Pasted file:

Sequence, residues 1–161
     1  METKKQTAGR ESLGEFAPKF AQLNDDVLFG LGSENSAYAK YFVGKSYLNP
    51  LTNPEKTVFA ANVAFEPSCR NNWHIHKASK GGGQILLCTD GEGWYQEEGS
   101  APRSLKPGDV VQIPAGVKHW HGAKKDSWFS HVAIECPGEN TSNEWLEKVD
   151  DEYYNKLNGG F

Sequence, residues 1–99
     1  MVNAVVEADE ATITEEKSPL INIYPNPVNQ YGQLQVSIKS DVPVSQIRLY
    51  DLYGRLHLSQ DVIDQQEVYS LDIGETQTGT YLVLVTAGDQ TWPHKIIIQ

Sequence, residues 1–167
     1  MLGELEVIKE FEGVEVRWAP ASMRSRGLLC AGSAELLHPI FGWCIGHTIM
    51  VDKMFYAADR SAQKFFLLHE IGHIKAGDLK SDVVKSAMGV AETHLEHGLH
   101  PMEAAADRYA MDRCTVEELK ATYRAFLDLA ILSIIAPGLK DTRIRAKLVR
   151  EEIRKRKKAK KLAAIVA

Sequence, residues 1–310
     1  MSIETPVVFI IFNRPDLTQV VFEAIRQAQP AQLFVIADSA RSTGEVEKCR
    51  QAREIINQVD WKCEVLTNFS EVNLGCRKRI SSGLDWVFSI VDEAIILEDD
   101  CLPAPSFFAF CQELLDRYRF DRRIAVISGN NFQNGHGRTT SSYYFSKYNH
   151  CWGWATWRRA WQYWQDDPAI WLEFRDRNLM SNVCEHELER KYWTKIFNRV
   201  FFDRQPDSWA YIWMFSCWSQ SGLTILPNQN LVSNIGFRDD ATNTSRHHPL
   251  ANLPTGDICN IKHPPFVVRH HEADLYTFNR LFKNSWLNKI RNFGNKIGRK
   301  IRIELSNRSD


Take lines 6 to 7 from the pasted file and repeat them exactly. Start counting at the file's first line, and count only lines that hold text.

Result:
Sequence, residues 1–99
     1  MVNAVVEADE ATITEEKSPL INIYPNPVNQ YGQLQVSIKS DVPVSQIRLY